Author Topic: Paying for college without loans  (Read 8097 times)

T-Rex

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Paying for college without loans
« on: March 22, 2014, 03:58:06 AM »
I am 30 years old and will be a veteran with the GI bill. My goal is to get a doctorate. I am moving to a different state. I am thinking of paying my own way through community college, and then applying to state college when I have a AA degree and I am eligible for instate tuition.

Is there any better place to keep money for your own college education besides a savings account?

Any advice on strategy? What would you do?

T-Rex

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Re: Paying for college without loans
« Reply #1 on: March 22, 2014, 05:02:56 AM »
Should I save up cash for immediate goals or is it still better to save a lot for retirement?

Gimesalot

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Re: Paying for college without loans
« Reply #2 on: March 22, 2014, 09:28:58 AM »
Two things to consider:

1.  You need to make sure that you will get residency during the time you are in community college.  I know most states will not let you count time that you are studying for residency.  I was required to work full-time for one year without attending classes, to qualify for in-state tuition.

2.  If you don't have enough to cover tuition, try to get scholarships.  Try to win a few small $50 to $100 dollar scholarships.  The move on to higher amount scholarships, listing the small ones that you have already won.  This makes you more likely to win the larger scholarships.

3.  I would prioritize saving for retirement.  Compound interest makes such a  huge difference that starting now, even with a small amount of money, is better than putting it off, even for a couple years.  Remember, you can take loans out for college, but you can't take loans out for retirement. 

phred

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Re: Paying for college without loans
« Reply #3 on: March 22, 2014, 09:46:38 AM »
Why do you need to move to a different state?  Colleges are about the same everywhere -- especially at the CC level.  When you get your AA there are some great transfer scholarships available.  For some reason it is thought better to do your PhD at a different school than where you did your bachelors.

Anyway, four years is too short a time horizon to do any investing.  Keep the cash as cash, although you might put part into a one year CD, part into a two year CD, part into a three...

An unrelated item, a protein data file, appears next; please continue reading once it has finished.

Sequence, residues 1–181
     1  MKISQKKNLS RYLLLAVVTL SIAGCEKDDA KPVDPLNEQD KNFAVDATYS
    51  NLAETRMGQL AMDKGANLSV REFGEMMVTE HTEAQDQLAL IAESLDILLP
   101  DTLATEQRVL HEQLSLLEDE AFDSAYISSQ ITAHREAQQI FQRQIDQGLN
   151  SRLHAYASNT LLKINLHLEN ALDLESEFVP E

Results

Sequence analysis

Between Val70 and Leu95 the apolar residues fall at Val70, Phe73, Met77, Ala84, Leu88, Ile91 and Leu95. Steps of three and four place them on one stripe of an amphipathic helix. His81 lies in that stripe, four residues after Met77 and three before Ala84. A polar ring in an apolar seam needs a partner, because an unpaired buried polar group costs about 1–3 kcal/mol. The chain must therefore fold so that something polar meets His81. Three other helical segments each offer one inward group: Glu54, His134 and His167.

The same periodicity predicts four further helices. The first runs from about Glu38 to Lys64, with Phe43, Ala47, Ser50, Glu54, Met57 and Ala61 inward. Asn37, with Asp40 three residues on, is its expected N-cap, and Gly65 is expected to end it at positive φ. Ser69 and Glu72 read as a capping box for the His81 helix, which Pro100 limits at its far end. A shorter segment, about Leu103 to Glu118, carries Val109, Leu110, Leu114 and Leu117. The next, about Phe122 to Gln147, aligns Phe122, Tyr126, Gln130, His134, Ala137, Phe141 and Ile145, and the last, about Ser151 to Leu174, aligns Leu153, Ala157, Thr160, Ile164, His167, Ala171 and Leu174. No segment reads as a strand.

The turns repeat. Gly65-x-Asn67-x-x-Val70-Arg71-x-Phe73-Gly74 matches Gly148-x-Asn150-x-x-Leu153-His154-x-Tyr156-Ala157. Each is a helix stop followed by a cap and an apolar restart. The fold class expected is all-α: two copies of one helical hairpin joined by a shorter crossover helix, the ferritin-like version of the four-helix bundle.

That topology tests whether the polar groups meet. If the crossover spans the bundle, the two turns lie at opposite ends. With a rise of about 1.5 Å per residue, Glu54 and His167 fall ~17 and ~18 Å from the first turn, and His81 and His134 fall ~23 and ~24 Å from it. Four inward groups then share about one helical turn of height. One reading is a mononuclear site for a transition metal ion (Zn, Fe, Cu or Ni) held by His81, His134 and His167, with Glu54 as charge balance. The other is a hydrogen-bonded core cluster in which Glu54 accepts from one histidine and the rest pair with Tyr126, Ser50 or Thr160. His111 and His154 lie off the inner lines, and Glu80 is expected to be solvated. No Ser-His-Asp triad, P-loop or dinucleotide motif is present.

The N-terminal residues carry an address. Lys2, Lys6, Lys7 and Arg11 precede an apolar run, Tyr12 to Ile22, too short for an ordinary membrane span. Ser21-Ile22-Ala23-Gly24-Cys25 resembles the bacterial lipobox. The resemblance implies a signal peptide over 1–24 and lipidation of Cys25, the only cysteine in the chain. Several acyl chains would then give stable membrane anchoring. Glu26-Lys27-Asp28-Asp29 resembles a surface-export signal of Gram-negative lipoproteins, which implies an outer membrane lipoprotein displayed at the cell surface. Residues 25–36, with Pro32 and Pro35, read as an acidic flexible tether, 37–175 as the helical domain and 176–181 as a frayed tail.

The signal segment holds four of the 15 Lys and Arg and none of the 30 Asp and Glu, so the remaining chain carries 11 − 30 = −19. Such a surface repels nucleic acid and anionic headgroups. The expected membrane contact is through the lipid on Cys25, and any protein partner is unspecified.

Moving is expensive, even DIY with a U-Haul.  You may need first, last and security for an apartment, security deposits for various utilities, etc.

Read the college catalogues on residency requirements.  Sometimes it's enough to have a new in-state driver's license, utility bills with instate address, copy of instate tax return.

While knowledgeable investing is always nice, you will get further faster by using your cash to go to school year around -- compress that time.

Does USAFI still exist?  You can frequently transfer credits in to the C.C.

How are you at self-study (no teacher)?  Between now and whenever you might consider studying for some of the CLEP exams to gain cheap credits

goatmom

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Re: Paying for college without loans
« Reply #4 on: March 22, 2014, 11:12:06 AM »
Have u checked to see if your state has tuition breaks for veterans?  And yes, don't waste GI bill at CC.  Check into the yellow ribbon program where many private schools match the VA money dollar for dollar.  A great deal!  Many people get their phds funded by the university by doing research or being a teaching assistant.  I would  probably look into going to my "dream school" and use the yellow ribbon and have the whole thing paid for.  Then with a great degree get picked up for a funded phd.  Good luck!

Gin1984

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Re: Paying for college without loans
« Reply #5 on: March 22, 2014, 11:18:12 AM »
Why do you need to move to a different state?  Colleges are about the same everywhere -- especially at the CC level.  When you get your AA there are some great transfer scholarships available.  For some reason it is thought better to do your PhD at a different school than where you did your bachelors.

Anyway, four years is too short a time horizon to do any investing.  Keep the cash as cash, although you might put part into a one year CD, part into a two year CD, part into a three...
 
Moving is expensive, even DIY with a U-Haul.  You may need first, last and security for an apartment, security deposits for various utilities, etc.

Read the college catalogues on residency requirements.  Sometimes it's enough to have a new in-state driver's license, utility bills with instate address, copy of instate tax return.

While knowledgeable investing is always nice, you will get further faster by using your cash to go to school year around -- compress that time.

Does USAFI still exist?  You can frequently transfer credits in to the C.C.

How are you at self-study (no teacher)?  Between now and whenever you might consider studying for some of the CLEP exams to gain cheap credits
The same reason it is considered better to do your post-doc at a different place, hire-ability.  Those who hire want to see that you can move intuitions and do well prior to hiring you at their different institution.

MattC